THE European Parliament will officially sign off the European Union’s post-Brexit trade deal with the United Kingdom this Friday, despite MEPs calling the divorce a ‘historic mistake’. 

An overwhelming majority of MEP voted to ratify the pact yesterday (Wednesday 29) nearly four months after the Trade and Cooperation Agreement between the UK and the bloc came into force.

Austrian MEP Andreas Schieder, who led the European Parliament foreign affairs committee’s work on the UK-EU deal, said: “Brexit is a historic mistake.

“It was pushed through by irresponsible nationalism based on false promises and short-sightedness.

“Brexit is bad for Britain and Brexit is bad for Europe.

“The price is not paid by the Conservative millionaires but by the most vulnerable people in our society.”

In the final tally, 660 MEPs (Members of European Parliament) voted in favour of the trade deal, five against, with 32 abstentions, results showed on Wednesday.

EU chief negotiator Michel Barnier told the European Parliament: “This is a divorce.

“It’s a warning, Brexit,  and it’s a failure – a failure of the European Union.

“And we have to learn lessons from it as politicians here in the European Parliament, in Council, in the Commission, in all of the capitals.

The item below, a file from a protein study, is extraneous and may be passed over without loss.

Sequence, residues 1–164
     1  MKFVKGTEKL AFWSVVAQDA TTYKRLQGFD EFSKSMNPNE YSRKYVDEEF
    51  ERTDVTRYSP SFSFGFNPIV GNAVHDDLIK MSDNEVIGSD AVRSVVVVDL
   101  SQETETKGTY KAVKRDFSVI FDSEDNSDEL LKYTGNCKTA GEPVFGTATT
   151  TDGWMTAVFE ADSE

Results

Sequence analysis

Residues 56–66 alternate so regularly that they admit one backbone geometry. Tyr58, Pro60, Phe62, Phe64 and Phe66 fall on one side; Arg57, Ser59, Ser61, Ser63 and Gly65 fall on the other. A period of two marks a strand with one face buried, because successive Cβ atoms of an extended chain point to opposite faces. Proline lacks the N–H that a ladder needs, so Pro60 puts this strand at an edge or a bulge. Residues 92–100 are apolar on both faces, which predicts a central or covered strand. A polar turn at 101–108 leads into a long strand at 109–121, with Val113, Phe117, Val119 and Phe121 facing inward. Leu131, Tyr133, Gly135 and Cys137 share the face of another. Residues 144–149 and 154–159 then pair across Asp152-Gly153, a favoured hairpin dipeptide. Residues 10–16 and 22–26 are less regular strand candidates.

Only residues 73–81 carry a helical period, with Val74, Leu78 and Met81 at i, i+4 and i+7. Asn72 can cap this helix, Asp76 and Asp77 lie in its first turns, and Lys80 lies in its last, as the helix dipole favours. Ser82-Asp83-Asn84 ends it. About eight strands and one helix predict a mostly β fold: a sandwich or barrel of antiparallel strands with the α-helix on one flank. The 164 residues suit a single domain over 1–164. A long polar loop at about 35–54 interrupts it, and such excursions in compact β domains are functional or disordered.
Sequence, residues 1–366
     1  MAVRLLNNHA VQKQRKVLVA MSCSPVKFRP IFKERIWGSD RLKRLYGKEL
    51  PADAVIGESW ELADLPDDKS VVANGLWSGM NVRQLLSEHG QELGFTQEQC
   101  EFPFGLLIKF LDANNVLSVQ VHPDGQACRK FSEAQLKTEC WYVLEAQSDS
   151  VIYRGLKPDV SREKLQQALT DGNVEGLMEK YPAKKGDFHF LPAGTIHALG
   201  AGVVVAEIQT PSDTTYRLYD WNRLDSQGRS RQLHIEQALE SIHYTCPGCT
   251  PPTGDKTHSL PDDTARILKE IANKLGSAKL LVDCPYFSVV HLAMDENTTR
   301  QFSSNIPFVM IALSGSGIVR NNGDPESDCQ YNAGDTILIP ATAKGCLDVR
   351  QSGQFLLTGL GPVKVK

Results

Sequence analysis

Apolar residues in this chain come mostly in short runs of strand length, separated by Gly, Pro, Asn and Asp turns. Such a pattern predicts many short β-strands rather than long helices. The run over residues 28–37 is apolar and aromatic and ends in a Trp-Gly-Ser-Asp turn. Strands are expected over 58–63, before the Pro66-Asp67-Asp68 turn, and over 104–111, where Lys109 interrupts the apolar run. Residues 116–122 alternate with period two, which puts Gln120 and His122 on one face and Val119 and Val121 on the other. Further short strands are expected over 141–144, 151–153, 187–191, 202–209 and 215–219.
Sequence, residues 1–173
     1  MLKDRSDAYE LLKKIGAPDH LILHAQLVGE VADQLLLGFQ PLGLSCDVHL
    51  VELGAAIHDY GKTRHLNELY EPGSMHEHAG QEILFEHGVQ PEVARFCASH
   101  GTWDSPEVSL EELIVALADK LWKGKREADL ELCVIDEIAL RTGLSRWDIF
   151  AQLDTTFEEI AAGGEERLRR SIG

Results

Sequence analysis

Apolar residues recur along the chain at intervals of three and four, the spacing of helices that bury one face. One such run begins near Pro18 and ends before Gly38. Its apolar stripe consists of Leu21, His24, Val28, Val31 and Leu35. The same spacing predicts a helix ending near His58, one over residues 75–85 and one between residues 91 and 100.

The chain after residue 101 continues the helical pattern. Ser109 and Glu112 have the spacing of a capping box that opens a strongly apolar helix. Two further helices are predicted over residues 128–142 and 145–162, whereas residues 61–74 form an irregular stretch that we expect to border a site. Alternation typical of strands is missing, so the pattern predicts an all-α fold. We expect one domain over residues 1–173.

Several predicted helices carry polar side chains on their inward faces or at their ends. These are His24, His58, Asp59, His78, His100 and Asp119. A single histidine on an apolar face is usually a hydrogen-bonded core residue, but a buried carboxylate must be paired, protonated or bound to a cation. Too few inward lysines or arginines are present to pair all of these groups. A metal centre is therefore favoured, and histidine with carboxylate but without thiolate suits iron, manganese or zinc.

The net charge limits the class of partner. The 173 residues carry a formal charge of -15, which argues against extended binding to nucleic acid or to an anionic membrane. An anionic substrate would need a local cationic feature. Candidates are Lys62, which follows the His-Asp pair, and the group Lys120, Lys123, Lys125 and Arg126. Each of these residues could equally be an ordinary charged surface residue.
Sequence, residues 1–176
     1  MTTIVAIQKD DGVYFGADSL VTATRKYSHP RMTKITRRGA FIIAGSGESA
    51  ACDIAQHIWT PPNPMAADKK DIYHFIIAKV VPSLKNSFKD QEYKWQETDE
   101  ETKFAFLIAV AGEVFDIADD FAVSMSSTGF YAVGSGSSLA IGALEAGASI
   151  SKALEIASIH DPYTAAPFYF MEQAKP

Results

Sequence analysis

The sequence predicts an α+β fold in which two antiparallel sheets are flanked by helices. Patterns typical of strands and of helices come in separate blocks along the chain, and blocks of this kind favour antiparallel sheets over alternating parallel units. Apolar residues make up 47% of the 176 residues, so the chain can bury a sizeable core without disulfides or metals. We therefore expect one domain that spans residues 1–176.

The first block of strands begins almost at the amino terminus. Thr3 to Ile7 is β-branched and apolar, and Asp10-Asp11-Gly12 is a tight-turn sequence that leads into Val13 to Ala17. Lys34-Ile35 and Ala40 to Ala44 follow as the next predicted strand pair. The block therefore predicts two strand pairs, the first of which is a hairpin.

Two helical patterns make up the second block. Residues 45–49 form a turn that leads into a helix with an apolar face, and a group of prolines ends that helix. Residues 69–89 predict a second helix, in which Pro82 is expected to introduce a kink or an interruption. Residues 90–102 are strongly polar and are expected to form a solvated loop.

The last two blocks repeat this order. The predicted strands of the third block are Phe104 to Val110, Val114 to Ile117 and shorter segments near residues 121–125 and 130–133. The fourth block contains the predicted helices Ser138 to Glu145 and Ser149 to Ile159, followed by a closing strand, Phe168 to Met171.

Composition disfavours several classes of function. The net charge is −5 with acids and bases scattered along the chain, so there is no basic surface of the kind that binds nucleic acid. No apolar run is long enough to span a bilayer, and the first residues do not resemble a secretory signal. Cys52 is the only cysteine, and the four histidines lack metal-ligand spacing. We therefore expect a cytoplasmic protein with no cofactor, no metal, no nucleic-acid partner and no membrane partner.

“Why did 52% of the British vote against Europe? There are reasons for that – social anger and tension which existed in many regions in the UK but also in many regions of the EU.

“Our duty is to listen and understand the feelings of the people.”

The vote ratifies the trade deal that was struck on Christmas Eve  just days before the Brexit transition period ran out. 

The Trade and Co-operation Agreement (TCA), which provides the framework for Britain’s new relationship with the 27-member union, had been sealed in December 2020 after nine months of negotiations and had been operating provisionally since January 1, 2021. 

But the European Parliament wanted to take its time scruitising the terms and the EU’s member states are only now expected to rubber-stamp the accord following the European Parliament’s ratification tomorrow (Friday).

The bloc will then inform the UK, and the trade agreement will come into full force formally.

The UK’s Johnson said the ratification would provide “stability” in the UK-EU relations, while his chief negotiator in the talks, David Frost, said it brought “certainty and allows us to focus on the future”.

Since the agreement came into effect at the start of January British goods sales to the EU fell by  42%, while imports from the EU fell by 29%.

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